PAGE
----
The art catalogs have started filling the art teacher's mailboxes, class lists are out for parents to purchase and most camps have come and gone. What time of the year is it? It's midpoint to school starting- the count down begins! Kids are getting restless and parents' patience are wearing thin. Teachers are going into school mode looking for ideas to make their new year fun and educational.
Soon the well known commercial by a one place fits all store will be airing, "it's the best time of the year". With a month to go, how can you keep your little ones busy? Or add to your teaching repertoire? Look around your home, you can almost bet you have the ingredients to many of these creative ideas!
Edible Finger Paint
( Use an egg carton or ice tray for a variety of colors, add drops of color until you get the shade you want for each color). Check a color wheel for mixing colors. Add white to make light tints of a color and black for darker tints basically.
1) Vanilla Pudding + Food Coloring
2) Whipped cream + Food Coloring
3) Condensed milk + Food Coloring
4) Egg yolks + Food Coloring
5) Add powdered drink mixes like Koolaid in separate parts of the egg cartons, dip a wet brush into the powder.
6) Watercolor paint- 3 tablespoons of corn starch, 1 1/2 teaspoon of corn syrup, 3 tablespoons of baking powder, 3 tablespoons of white vinegar and 3 drops to each color for food coloring.
7) Sparkly paint- 2 cups of hot water, 2 cups Empson salt, 3-4 drops of food coloring for individual colors.
8) Salt paint- 2 teaspoons salt, 1 teaspoon liquid starch, 3-4 drops of food coloring per color desired.
Clay and doughs:
1) Four cups flour, 1 cup, salt, 1 1/2 cup of water, mix together and knead. After modeled, bake 350 for 1 hour. You can paint your creation with any of the paints above or store bought paints.
2) Oatmeal Dough- 2 cups uncooked oatmeal, 1 cup, flour, 1/4 cup water, mix, model, air dry, and paint.
3) Bread dough- a couple of slices of whit bread with crust cut off, one teaspoon whit clue per slice, add food coloring if colors are desired.
Printmaking is the process of repeating an image. Various stamps can be found around your house and yards. Process is the same for most, dip in paint and print. If you have ink pads, these work great with all the non wet stamps. A vegetable or fruit is considered a wet stamp and its juices will soak into your ink pad and could ruin the ink or discolor it.
1) Vegetables and fruits- cut chunks and slices of these foods, dip in paint and push carefully on paper. Interesting prints can be made from bell pepper slices, carve/cut away designs into potatoes, lemons wedges, slices of strawberries, etc...
2) Paper towel rolls, dip and stamp.
3) Body parts- finger prints, kisses of the lips, hand prints, feet and toes.
4) Found objects- anything that has a interesting texture.
5) Sponges cut old sponges in different shapes.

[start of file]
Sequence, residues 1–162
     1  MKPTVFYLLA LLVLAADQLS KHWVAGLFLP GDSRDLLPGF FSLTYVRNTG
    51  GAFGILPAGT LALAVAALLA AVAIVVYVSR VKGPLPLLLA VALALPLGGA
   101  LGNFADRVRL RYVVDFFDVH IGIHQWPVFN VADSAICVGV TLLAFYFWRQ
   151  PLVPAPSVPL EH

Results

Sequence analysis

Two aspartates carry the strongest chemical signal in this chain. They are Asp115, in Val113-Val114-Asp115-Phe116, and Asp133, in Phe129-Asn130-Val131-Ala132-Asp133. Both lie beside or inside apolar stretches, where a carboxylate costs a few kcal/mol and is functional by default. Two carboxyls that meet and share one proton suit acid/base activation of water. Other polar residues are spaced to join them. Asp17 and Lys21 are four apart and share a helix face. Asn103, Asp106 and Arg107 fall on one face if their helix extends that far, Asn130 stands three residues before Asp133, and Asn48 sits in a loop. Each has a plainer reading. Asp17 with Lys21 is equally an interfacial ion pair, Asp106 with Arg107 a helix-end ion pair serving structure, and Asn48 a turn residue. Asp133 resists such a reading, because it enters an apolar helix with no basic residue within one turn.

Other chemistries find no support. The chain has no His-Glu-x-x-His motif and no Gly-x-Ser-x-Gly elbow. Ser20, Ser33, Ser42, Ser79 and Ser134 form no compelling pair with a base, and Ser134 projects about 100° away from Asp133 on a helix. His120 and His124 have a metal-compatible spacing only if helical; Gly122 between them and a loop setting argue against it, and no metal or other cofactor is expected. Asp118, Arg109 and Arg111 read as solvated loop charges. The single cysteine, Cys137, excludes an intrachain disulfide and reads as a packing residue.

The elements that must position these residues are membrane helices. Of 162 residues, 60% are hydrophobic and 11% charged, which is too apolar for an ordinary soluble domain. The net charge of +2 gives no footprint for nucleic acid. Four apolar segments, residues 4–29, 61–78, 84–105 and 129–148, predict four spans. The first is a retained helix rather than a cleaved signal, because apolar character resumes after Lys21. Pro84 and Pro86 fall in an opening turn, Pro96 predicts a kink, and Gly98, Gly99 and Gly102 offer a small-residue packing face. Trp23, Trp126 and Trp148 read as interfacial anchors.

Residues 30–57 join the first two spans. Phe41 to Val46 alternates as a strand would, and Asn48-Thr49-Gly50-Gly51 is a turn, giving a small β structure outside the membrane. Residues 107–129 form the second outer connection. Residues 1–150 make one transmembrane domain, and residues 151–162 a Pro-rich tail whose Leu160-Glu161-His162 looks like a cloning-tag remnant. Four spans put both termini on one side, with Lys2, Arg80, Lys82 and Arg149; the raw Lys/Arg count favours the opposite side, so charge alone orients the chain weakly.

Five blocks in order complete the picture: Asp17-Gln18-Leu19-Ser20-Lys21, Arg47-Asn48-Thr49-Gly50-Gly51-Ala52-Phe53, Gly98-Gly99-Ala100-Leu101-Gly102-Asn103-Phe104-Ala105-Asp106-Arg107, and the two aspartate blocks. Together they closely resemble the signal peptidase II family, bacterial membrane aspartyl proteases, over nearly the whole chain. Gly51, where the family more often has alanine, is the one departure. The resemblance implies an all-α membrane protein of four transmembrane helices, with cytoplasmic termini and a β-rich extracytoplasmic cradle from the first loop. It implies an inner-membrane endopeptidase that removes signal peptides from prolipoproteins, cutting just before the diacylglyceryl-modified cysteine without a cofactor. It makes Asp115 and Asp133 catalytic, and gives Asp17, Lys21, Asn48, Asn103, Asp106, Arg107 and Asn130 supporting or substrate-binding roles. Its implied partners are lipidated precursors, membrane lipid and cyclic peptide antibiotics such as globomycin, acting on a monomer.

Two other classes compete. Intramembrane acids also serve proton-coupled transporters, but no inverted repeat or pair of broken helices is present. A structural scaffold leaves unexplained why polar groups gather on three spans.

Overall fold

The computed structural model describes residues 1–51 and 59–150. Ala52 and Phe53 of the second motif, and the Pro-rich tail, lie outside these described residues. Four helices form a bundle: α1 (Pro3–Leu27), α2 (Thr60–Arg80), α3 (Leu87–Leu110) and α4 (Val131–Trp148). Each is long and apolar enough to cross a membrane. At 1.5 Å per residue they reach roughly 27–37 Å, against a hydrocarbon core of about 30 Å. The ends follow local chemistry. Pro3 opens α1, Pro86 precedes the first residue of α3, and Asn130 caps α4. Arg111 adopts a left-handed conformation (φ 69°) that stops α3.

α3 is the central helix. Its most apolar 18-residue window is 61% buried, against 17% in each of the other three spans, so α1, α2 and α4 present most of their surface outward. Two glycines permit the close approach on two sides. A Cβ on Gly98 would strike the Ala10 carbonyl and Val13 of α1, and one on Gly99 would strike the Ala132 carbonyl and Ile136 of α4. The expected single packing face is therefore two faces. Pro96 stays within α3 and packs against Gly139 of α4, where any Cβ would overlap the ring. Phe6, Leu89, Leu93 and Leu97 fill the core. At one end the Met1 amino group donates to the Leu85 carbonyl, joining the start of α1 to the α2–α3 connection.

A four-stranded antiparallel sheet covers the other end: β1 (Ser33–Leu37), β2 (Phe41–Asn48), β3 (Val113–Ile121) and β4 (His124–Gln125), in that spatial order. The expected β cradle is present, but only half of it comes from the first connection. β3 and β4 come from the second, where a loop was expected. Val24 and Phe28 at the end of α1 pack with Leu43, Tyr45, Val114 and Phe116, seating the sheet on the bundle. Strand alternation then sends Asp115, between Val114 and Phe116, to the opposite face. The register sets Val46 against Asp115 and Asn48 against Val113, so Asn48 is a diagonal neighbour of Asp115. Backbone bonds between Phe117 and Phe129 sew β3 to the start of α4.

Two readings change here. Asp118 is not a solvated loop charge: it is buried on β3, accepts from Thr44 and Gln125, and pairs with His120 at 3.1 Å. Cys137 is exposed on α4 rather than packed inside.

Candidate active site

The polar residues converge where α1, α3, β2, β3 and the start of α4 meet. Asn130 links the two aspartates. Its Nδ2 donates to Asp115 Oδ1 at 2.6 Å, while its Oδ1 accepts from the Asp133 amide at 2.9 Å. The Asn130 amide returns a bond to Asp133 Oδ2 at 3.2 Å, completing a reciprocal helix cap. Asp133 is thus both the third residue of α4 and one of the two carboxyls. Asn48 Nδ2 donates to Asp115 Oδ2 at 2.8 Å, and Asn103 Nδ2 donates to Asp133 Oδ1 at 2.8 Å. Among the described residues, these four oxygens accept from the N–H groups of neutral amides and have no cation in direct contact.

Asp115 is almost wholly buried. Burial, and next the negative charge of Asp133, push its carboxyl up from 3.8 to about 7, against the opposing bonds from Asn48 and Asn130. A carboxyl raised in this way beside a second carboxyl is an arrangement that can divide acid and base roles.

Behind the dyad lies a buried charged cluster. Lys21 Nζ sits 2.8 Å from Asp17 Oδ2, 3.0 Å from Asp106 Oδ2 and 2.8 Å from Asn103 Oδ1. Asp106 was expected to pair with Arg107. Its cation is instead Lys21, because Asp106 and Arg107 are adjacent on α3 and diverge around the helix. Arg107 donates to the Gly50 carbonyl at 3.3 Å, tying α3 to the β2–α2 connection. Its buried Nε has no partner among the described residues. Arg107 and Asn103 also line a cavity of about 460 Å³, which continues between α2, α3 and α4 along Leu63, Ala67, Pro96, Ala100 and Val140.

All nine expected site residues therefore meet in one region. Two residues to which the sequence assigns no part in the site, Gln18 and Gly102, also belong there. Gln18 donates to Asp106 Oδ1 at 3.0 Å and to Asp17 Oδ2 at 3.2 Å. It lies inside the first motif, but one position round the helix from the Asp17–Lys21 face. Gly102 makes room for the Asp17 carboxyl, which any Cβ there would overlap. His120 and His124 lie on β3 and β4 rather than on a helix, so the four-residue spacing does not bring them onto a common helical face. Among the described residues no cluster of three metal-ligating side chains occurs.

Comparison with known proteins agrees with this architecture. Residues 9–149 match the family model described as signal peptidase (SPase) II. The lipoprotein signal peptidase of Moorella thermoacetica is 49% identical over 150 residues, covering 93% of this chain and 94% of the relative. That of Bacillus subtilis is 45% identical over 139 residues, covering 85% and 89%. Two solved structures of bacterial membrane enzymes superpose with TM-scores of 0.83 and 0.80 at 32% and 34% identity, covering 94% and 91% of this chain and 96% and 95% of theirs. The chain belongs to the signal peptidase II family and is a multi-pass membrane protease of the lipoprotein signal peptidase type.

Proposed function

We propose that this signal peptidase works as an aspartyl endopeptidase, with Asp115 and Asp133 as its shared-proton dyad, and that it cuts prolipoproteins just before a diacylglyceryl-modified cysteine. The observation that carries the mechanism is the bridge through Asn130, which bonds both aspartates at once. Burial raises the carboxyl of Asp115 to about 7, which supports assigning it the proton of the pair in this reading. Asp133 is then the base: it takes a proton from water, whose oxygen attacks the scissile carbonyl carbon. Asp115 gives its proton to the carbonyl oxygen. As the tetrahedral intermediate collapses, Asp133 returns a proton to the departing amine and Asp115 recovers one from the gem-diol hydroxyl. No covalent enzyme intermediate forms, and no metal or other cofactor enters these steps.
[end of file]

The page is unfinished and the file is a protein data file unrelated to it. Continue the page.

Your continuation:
6) Soap using a plastic knife or toothpick to draw a picture in to the soap as deeply. You as you can without breaking through
7) Meat trays- save your meat trays, wash and draw a picture with a pen into the foam. Deep lines make a good print. Roll paint for press into ink pads to print them.
8) Wax print- cover a sheet of paper with crayon wax in colors of your choice. Place another sheet over it, as if to sandwich the wax inside. Draw on the outside, pressing hard. Peel apart the paper carefully.
A sculpture is a three dimensional piece of art meaning, you can see all sides. Think back to your own childhood building with blocks, Legos, play dough. You were making sculptures. So, it can be said that a sculpture is built. A great motor skill!
1) One can build with boxes, plastic cups, cans, bottles, foil, baskets, clocks, furniture... Really anything that can be glued, nailed, strung, or puzzled together. Found objects are wonderful for sculptures.
2) Soap- Using a dull butter knife or plastic knife- draw a simple shape on a bar of soap. Carve away the negative space (background space) all the way through. Carve details on all sides. Ivory soap works the best, it's airy and soft.
3) Built a sand castle. Buy sandbox sand or an item called Kinetic sand. One can use beach sand, dirt or clay fresh from the ground as well.
4) Oil based clay can be found in art stores and most stores that sell basic art supplies. This clay never dries and can be modeled over and over. Some dollar stores sell four colors for a dollar.
5) Poster board and construction paper taped, glued or stapled makes great 3d sculptures. Construct a building, furniture, a bridge...practice your architectural designs.
6) Legos, a favorite plastic connecting building block loved by millions of people around the world.
1) Weaving- any long item like yarn, paper strips, belts, ties, plastic bags, or the dough made from above.
2) Tie Dye- find a light color fabric such as an old T-shirt, pull and wrap parts with rubber bands. Using fabric dye in colors of your choice, soak various parts with the dye. Untie bands, dry with heat to set the colors. The tighter your bands, the better the design.
3) Candle Making- An inexpensive wax for candle making is melting left over candles from home and pouring them in various kelp glass jars from one's pantry. The candle warmers are a great alternative to melt the wax. Wicks can be bought by the roll in craft stores. Cut the wick, hold in the middle while you pour the wax in the jar. Layer colors or hide trinkets in the wax.
4) Jewelry- have any old jewelry you are tired of or see a sale on last seasons jewelry at your favorite store? Take it apart to redo the look. Craft stores are full of beads and supplies for making your own creations.
Browse craft stores and online videos are great places to find more ways to be creative.